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Re: fixnumXXX and fxXXX names, and other things



Marc Feeley wrote:
> The rationale for the two sets of names is wrong.
> Adding redundant procedures adds confusion.

Your opinion is contrary to mine.  When I use the
fixnum or fx primitives, I first decide whether I
want the quotient ring (with results that may depend
upon the implementation-dependent precision) or the
more errorful primitives (that raise an exception
rather than return a result that might depend upon
the precision).

Having made that decision, I find it less confusing
to use the appropriate prefix consistently than to
mix prefixes.  Indeed, I find it hard to remember
which pairs of primitives behave exactly the same,
as the differences that do exist are often subtle.
If I use the same prefix consistently, however, I
know the operations I use will behave consistently.

> I didn't make this up.  It is the only rationale
> for fixnums in the SRFI 77 rationale:
> 
> Fixnum/flonum arithmetic is already supported by
> many systems, mainly for efficiency. Standardization
> of fixnum/flonum arithmetic would increase the portability
> of code that uses it, but we cannot standardize the
> precision of fixnum/flonum arithmetic without making
> it inefficient on some systems, which would defeat its
> purpose.

You overlooked the word "portability", not only in
the paragraph you quoted but in the paragraphs that
precede it.  Note also the word "portable" in those
paragraphs.

Furthermore the first rationale given in the section
on fixnums explains that *the* rationale for the fx
operations is a specific issue of portability.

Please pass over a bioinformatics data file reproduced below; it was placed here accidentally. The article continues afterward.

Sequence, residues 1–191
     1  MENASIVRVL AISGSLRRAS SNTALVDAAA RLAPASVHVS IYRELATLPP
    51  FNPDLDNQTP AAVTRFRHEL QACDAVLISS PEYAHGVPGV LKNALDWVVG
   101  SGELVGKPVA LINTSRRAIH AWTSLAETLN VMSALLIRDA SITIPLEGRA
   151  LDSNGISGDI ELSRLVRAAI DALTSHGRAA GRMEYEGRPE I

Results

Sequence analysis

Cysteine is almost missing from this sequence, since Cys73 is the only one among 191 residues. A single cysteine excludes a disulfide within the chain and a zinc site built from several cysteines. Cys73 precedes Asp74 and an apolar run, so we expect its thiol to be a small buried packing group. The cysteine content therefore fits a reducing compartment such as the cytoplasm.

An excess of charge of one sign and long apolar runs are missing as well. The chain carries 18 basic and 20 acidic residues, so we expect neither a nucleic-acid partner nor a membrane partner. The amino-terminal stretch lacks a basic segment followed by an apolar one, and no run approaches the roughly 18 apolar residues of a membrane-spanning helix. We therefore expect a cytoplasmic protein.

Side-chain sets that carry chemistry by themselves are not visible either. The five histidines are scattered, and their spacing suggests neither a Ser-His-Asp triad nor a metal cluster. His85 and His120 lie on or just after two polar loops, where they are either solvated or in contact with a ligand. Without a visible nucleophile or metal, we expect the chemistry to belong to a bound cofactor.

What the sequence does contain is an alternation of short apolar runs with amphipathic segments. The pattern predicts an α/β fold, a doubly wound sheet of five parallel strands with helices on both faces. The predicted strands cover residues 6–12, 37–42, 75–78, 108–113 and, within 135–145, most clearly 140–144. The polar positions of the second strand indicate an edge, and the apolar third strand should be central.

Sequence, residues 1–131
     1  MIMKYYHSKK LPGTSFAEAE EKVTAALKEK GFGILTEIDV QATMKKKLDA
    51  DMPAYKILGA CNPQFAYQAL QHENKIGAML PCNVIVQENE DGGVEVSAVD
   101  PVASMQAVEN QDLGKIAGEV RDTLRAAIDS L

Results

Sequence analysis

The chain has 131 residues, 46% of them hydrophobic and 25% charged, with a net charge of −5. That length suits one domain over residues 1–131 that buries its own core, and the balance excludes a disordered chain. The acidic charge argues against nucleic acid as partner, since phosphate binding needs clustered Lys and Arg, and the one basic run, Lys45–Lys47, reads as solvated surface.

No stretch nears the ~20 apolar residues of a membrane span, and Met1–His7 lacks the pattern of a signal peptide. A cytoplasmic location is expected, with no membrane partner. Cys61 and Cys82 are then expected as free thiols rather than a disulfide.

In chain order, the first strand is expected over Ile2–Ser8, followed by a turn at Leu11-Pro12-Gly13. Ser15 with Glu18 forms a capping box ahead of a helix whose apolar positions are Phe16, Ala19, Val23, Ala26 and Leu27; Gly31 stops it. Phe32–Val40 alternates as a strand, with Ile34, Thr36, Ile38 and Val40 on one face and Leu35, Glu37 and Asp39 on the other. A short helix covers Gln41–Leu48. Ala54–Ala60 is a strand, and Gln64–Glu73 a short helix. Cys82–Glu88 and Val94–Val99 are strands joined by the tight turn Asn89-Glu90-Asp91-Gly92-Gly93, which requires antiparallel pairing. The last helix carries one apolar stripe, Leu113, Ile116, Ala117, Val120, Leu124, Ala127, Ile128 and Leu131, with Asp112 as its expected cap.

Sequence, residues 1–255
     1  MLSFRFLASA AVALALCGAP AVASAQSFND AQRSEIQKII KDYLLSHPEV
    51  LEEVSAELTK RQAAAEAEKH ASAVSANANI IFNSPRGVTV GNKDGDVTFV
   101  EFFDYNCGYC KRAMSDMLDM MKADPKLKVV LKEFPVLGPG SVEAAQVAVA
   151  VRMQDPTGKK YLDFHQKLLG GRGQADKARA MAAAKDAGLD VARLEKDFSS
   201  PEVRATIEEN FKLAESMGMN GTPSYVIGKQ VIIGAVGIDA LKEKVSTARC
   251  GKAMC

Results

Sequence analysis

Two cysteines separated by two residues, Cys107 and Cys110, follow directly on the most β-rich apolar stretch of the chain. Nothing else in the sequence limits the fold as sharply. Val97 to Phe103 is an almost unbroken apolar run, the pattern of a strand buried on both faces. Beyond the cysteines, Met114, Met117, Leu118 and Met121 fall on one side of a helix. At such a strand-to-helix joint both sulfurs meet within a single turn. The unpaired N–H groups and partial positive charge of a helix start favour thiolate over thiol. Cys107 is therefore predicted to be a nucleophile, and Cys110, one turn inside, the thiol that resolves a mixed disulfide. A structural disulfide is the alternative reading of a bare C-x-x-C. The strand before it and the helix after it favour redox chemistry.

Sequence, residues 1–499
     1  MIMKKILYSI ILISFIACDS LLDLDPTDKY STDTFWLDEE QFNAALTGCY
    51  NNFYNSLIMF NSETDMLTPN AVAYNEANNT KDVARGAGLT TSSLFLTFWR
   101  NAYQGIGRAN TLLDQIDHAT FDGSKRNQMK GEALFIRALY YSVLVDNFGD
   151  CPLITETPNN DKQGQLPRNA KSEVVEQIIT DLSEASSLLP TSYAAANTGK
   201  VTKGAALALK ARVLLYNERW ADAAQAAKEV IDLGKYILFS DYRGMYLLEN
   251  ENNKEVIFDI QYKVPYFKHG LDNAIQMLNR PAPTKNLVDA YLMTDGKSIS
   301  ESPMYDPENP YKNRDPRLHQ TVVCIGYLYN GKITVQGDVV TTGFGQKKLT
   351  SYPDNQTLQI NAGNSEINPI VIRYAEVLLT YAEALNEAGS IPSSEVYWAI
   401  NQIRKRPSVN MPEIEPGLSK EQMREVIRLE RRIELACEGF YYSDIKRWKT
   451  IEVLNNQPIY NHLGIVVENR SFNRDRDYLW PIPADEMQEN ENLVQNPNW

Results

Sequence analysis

> By using a multiple values API for some fixnum operations,
> you are limiting the practical portability of those operations.
> This is inconsistent with the rationale.

Your argument, Marc, is that multiple values are slow in
some systems, so portable code shouldn't use them.  That's
like arguing that procedure calls are slow in some systems,
so portable code shouldn't use procedure calls.  The proper
solution is to improve the implementations, and to count on
users being smart enough to avoid slow implementations when
efficiency is a major concern.

> I repeat: in which implementations of Scheme will the
> multiple values API be faster than the equivalent pair
> of operations which return single values?

Implementors are an unpredictable bunch, and efficiency
is not an issue that lends itself to simple answers in
any case.

In Larceny and Petit Larceny, however, I would expect the
fixnum-div+mod, fixnum-div0+mod0, fxdiv+mod, fxdiv0+mod0,
fldiv+mod, fldiv0+mod0, fixnum+/carry, fixnum-/carry, and
fixnum*/carry procedures to be faster than the corresponding
series of calls to single-result procedures.  I would not
expect them to be a great deal faster, however, because
inlining followed by common subexpression elimination would
reduce the duplication these multiple-values-returning
procedures were designed to prevent.  In my opinion, their
performance advantages will be most evident in interpreted
systems that support multiple values efficiently; MzScheme
is one such system.

> I believe that efficient implementations of multiple
> values based on Ashley and Dybvig's method...will not
> gain with the MV API because they need to return the
> multiple values using a function call, and the overhead